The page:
common property of verse-writers, that often suggest poetical associations for which the reader is more indebted to his own imagination than to the genius of the author. These pretty external ornaments are often worn by a poetaster who is as ignorant of the effect he produces as the unconscious fish that makes its gold and silver scales to glitter in the sunny water. It is the ease with which vulgar writers can put on the costume of the Muse that has brought her spirit into contempt, amongst men who do not sufficiently discriminate between harmonious and pretty verse and genuine poetry. Thus Jeremy Bentham, perceiving how easy
it is for people to put common thoughts into correct rhyme, and of what miserable stuff the great mass of verse generally consists, jumped at once to the conclusion, that poetry was a trifling amusement, unfit for grown men, and less useful than the game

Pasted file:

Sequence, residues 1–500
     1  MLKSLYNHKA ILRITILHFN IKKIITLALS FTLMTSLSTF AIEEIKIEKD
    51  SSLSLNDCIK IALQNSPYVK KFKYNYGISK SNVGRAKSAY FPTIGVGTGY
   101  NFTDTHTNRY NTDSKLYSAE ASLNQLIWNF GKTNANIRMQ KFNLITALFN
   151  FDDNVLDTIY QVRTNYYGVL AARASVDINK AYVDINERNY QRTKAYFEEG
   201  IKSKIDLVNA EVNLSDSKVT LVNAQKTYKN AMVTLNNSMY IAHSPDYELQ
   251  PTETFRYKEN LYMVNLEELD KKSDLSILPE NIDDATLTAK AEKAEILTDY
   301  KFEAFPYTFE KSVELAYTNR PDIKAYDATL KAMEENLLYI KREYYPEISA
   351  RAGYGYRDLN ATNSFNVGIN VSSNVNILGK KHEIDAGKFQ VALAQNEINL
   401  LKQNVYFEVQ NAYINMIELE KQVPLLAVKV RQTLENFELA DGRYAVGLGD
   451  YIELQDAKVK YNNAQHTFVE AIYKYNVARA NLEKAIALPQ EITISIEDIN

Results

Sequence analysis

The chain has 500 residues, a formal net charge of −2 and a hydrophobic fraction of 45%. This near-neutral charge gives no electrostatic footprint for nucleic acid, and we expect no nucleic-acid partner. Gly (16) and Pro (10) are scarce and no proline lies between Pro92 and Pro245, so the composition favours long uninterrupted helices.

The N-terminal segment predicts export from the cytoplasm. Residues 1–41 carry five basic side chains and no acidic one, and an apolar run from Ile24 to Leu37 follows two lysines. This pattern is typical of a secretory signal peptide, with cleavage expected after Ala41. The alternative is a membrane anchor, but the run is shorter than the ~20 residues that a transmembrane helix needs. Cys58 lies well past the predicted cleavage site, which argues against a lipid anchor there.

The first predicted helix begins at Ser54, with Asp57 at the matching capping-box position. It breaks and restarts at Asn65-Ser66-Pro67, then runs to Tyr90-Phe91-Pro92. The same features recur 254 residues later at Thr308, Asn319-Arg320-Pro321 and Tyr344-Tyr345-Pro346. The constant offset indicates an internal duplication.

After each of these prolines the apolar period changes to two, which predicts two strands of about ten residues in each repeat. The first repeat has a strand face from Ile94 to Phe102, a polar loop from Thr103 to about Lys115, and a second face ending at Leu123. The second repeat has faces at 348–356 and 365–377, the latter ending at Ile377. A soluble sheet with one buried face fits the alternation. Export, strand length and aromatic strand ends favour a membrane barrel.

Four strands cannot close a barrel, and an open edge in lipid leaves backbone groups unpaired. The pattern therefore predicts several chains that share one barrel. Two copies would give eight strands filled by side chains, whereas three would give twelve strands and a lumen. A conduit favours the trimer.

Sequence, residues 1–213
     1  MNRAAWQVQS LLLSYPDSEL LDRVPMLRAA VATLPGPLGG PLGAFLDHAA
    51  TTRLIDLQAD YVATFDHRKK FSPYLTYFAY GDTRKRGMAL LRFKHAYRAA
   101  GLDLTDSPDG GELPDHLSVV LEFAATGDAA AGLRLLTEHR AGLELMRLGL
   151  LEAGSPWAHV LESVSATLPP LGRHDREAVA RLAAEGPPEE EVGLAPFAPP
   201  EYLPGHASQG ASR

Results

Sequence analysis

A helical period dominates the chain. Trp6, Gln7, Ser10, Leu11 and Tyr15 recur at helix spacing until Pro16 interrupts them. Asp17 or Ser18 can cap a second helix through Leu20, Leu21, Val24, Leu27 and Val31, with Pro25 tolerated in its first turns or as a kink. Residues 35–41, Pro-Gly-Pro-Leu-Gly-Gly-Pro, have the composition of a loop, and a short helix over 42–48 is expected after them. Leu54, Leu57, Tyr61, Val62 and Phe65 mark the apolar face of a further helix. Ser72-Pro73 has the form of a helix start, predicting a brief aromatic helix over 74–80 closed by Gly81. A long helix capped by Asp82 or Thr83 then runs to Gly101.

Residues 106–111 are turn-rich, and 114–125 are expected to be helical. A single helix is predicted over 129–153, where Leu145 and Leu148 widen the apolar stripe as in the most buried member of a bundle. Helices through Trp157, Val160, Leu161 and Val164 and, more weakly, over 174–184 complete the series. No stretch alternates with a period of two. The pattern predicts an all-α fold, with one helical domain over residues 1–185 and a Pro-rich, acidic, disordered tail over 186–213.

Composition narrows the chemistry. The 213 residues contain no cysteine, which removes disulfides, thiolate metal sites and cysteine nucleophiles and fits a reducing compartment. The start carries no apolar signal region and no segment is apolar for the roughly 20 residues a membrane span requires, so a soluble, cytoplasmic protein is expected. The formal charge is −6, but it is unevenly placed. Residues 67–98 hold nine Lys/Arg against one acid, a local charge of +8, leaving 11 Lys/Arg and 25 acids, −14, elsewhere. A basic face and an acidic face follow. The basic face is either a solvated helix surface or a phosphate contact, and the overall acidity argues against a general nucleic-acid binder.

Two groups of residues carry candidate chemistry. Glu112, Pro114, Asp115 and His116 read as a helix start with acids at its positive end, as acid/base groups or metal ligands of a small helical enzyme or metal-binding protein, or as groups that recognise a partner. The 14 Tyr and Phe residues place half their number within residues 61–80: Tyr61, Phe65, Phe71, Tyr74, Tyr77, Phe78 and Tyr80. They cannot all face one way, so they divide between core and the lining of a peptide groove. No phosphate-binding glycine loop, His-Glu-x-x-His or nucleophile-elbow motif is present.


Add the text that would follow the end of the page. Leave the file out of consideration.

of pushpin! He forgot Homer and Shakspeare and Dante and Milton, and recollected only the small fry of small poetasters. But to judge fairly of an art we should not estimate its claims by an exclusive reference to the works of its unsuccessful votaries. The rarity of great poets only proves the difficulty and dignity of their art,—the same also is proved by the glaring ill success of the countless host of verse-writers, who might have attained to perfection in any other human accomplishment with the same zeal and labour. Hayley, a learned, elegant and sensible person, spent nearly half a century in the study and practice of poetry ; but amongst his thousands of correct and harmonious verses he has not left us a single line that is breathed upon by the Muse. Nature had denied him that peculiar quality without which no man can produce genuine poetry, however great may be his learning, his industry, his zeal, or his general intellectual power. We should always, therefore, feel some hesitation in encouraging young persons to write verse. It is not to be denied that the practice of versifying is an elegant amusement, and well calculated to familiarize a young student with the language in which he